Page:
A common perception among middle and upper class Americans is that low-income workers are both lazy and slow. In reality, minimum wage work is often highly stressful and active to the point of exhaustion. Think of warehouse workers, unskilled factory laborers, farmhands, delivery people and janitors. The work is typically repetitious and mentally unchallenging, yet demanding of constant, conscious attention. It is not unusual for companies to establish strict productivity quotas that regulate even a worker’s water and bathroom breaks.

In “The Minimum,” this type of work is gamified. A worker must earn his minimum wage (still unchanged nationally at $7.25 an hour) by collecting 725 pennies thrown at him in an anonymous conference room, by an anonymous person, and successfully bank them in a small glass bowl within 60 minutes.

© copyright K. Frech. All rights reserved.


HD Video (Excerpt)

2018, HD Video, color, silent
Animal: 02:43 minutes
Vegetal: 01:49 minutes
Liquid / Ice: 01:55 minutes
Combined loop: 06:27 minutes

Everyone talks about global warming, yet it’s difficult to see directly and harder to grasp. We hear the average world temperature will rise by two degrees Celsius over the next decade, but what is the real impact? Two degrees doesn’t sound like much, yet the consequences will be harsh.

The “Two Degrees” series contains three time-lapse HD videos of sumptuous food: animal flesh, vegetation, and iced drinks and ice cream, representing the areas of greatest climate impact. At first they resemble in-store sales displays, but with the application of an additional two degrees Celsius of heat applied from film lights, the food decays gradually, so that the casual viewer might initially miss what is happening. Filmed over six hours, the time-lapse makes the degradation and devastation palpable to the viewer.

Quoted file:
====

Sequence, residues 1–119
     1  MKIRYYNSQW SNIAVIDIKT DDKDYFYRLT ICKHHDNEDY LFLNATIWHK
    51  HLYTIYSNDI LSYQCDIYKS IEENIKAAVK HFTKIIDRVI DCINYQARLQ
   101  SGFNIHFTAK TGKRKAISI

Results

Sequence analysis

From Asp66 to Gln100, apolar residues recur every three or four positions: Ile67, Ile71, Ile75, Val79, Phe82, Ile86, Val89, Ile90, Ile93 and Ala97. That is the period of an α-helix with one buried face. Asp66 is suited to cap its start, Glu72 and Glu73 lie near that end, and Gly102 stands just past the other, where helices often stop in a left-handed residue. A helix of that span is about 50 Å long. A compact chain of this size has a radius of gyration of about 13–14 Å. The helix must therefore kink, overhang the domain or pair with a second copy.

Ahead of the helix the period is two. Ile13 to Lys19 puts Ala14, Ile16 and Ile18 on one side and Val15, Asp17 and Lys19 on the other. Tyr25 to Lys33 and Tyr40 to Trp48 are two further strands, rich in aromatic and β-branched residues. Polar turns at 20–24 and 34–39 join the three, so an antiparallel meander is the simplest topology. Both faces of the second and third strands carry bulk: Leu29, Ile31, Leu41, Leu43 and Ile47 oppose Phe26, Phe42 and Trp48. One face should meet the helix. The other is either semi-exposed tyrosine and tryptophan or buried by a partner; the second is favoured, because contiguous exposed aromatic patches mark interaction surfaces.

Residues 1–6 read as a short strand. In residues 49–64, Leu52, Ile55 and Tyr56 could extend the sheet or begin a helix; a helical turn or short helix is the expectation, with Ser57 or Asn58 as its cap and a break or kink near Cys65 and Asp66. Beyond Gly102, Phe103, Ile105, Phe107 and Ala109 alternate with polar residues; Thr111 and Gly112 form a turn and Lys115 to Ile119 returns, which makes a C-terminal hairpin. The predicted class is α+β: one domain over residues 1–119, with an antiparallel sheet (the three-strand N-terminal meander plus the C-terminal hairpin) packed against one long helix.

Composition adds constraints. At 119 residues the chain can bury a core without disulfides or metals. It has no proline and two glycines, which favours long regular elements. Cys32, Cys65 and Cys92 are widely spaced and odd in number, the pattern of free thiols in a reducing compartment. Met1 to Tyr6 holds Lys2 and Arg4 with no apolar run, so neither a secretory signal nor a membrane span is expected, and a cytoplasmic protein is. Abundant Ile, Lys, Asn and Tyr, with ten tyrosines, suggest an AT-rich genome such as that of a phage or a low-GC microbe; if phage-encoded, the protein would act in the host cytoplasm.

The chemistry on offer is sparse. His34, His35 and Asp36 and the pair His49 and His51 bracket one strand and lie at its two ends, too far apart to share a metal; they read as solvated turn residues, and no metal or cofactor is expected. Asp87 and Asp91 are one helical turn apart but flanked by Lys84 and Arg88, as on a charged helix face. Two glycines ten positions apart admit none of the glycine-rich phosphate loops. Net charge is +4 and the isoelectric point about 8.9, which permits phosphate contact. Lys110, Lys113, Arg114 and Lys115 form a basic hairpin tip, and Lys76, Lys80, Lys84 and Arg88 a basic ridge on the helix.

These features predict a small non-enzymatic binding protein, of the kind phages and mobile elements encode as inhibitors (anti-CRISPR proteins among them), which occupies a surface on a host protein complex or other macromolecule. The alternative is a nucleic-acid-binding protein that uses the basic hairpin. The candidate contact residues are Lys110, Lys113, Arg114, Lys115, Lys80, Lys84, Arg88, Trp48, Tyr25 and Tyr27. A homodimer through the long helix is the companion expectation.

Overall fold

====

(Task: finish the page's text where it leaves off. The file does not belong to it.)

© copyright K. Frech. All rights reserved.


HD Video (Excerpt)

2018, HD Video, color, stereo sound, 55:00 minutes

In “Nails on a Blackboard,” the hand of an unseen performer repeatedly writes and then erases the word “NAILS” on a blackboard for 55 minutes, the length of a class in my high school. Is this educational, or is it punishment?

Traditionally, blackboards wielded dual roles: first as the transmission of information, and secondly as an instrument of punishment. Sometimes the punishment is accidental, in the form of a scrape of a fingernail on the board, and sometimes the punishment is systemic: the rote repetition of a phrase, written endlessly by a transgressive pupil. Equally, sometimes the ideas that a student learns are not the ones intended by the instructor.

“Nails on a Blackboard” explores these dualities, asking the viewer to question what, if anything, will be gained at the risk of possible discomfort by engaging with the work. Finally, the work plays with a fundamental principle of physics: that matter (information) cannot be created or destroyed. This becomes clearer as the pristine board takes on more abstract patterns of the erased chalk, until eventually remnants of the word NAILS remain imbued into its surface.

© copyright K. Frech. All rights reserved.